photo credit: Bud Hamm
After years of scientific debate and public debate, 66 gray wolves from Canada were reintroduced into the Yellowstone area (31 wolves) and central Idaho (35 wolves) in 1995 and 1996. They were classified as a nonessential, experimental population in accordance with the Endangered Species Act, a designation that allows federal, state, and tribal agencies and private citizens more flexibility in managing the wolf population. Since then, the wolf population has thrived.
On September 30, 2012, wolves were removed from the list of threatened and endangered species, allowing the U.S. Fish and Wildlife Service to return management of wolves to the State of Wyoming under an approved management plan. However, the National Elk Refuge assumes responsibility for the management of wolves within its jurisdictional boundaries. This includes the Pinnacle Peak pack, which has established itself on the National Elk Refuge.
A related article in the National Elk Refuge news archive describes the refuge's collaring of four more animals from the Pinnacle Peak pack on February 15, 2013. From the data generated by the collars, biologists will be able to monitor the size of the pack, document its distribution, record mortalities, measure the pack’s reproductive success, and note breeding pair status. The information will also help the refuge's biologist study how the presence and movement of wolves on the refuge may influence behavioral patterns in elk. Photos of the wolf collaring event are also posted on the National Elk Refuge's photo gallery.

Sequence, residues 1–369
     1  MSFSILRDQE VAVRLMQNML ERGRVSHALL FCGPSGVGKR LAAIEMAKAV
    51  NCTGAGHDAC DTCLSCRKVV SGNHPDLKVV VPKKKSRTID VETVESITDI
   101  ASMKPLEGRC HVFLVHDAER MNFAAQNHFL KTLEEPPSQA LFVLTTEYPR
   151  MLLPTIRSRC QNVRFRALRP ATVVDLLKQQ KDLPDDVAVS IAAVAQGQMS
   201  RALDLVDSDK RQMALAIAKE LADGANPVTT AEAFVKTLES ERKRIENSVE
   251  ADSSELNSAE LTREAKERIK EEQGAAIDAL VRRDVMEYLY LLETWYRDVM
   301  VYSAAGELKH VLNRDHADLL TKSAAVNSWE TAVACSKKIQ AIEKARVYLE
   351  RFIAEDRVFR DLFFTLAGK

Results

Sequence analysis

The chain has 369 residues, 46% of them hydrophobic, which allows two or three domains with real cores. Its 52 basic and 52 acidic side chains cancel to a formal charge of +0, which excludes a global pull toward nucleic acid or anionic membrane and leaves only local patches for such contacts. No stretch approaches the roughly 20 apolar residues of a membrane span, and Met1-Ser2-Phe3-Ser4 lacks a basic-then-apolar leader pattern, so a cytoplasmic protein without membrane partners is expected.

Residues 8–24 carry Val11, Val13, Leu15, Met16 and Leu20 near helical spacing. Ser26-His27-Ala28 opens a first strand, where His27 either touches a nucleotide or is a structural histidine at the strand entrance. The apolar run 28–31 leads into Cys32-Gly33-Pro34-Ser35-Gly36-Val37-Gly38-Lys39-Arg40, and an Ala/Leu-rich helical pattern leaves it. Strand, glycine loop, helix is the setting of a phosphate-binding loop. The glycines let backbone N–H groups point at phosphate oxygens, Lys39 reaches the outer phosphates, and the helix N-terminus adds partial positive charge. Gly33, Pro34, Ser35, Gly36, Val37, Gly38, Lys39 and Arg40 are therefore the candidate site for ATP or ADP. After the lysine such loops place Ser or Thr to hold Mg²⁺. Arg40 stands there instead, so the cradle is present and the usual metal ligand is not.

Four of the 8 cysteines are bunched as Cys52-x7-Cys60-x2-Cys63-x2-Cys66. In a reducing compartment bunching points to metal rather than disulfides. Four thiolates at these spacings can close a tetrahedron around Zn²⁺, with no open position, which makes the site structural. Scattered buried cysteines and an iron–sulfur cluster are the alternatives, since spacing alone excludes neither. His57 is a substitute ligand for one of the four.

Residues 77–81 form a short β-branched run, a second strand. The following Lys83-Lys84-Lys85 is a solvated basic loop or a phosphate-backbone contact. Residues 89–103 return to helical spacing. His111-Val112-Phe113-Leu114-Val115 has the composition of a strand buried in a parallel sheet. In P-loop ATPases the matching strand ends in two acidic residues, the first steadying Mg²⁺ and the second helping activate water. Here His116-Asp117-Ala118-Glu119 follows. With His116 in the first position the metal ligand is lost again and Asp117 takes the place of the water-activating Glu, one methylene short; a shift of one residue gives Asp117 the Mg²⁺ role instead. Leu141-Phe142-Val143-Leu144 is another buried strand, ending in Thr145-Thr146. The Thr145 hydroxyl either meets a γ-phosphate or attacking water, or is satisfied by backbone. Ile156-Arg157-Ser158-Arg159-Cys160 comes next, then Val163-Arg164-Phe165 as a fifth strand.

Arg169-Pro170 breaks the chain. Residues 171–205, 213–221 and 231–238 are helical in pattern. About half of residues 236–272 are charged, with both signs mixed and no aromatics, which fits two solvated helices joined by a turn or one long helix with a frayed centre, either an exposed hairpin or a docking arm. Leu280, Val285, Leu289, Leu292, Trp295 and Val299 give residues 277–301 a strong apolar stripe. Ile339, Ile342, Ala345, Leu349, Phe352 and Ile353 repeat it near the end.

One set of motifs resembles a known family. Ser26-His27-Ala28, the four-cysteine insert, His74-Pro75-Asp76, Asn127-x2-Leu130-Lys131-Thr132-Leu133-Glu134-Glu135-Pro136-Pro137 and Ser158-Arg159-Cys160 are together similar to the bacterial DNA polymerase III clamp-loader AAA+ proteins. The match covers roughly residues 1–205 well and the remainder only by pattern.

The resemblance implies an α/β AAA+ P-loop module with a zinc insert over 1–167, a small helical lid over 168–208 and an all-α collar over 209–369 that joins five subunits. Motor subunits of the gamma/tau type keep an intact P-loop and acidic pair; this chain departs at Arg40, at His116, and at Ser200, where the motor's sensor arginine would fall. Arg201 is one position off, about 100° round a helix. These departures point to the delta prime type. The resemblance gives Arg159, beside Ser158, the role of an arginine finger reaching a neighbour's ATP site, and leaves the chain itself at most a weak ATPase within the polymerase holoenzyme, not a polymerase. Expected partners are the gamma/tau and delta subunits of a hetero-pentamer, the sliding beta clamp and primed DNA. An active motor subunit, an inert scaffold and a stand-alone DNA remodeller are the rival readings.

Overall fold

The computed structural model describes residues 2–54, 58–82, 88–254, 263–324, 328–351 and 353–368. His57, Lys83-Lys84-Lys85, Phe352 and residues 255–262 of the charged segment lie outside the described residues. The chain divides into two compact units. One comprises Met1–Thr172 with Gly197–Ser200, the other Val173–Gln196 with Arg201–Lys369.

Visitors to the National Elk Refuge can occasionally catch glimpses of these incredible animals. The Pinnacle Peak pack may be the most visible to visitors in winter because of the proximity of its territory to the town of Jackson. The
gray wolf ranges in color from white to black. Coyotes are often mistaken for wolves, but wolves are much larger in size.
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Elk aren't the only species of wildlife you may see on the National Elk Refuge.